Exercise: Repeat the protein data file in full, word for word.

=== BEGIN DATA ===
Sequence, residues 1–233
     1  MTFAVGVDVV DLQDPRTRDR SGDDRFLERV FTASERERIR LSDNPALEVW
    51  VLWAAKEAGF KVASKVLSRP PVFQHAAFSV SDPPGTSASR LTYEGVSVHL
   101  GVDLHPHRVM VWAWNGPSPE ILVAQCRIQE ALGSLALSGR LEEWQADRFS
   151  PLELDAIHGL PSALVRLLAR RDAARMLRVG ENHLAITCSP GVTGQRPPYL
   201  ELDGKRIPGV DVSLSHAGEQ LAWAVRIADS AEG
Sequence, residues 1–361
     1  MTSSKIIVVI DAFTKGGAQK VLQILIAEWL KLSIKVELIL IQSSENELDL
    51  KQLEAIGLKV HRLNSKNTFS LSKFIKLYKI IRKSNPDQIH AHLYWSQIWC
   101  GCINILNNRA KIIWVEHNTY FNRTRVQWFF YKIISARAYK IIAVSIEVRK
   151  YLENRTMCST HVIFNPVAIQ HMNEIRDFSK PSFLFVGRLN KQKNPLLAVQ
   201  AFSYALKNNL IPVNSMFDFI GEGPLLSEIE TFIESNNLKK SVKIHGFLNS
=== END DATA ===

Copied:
Sequence, residues 1–233
     1  MTFAVGVDVV DLQDPRTRDR SGDDRFLERV FTASERERIR LSDNPALEVW
    51  VLWAAKEAGF KVASKVLSRP PVFQHAAFSV SDPPGTSASR LTYEGVSVHL
   101  GVDLHPHRVM VWAWNGPSPE ILVAQCRIQE ALGSLALSGR LEEWQADRFS
   151  PLELDAIHGL PSALVRLLAR RDAARMLRVG ENHLAITCSP GVTGQRPPYL
   201  ELDGKRIPGV DVSLSHAGEQ LAWAVRIADS AEG
Sequence, residues 1–361
     1  MTSSKIIVVI DAFTKGGAQK VLQILIAEWL KLSIKVELIL IQSSENELDL
    51  KQLEAIGLKV HRLNSKNTFS LSKFIKLYKI IRKSNPDQIH AHLYWSQIWC
   101  GCINILNNRA KIIWVEHNTY FNRTRVQWFF YKIISARAYK IIAVSIEVRK
   151  YLENRTMCST HVIFNPVAIQ HMNEIRDFSK PSFLFVGRLN KQKNPLLAVQ
   201  AFSYALKNNL IPVNSMFDFI GEGPLLSEIE TFIESNNLKK SVKIHGFLNS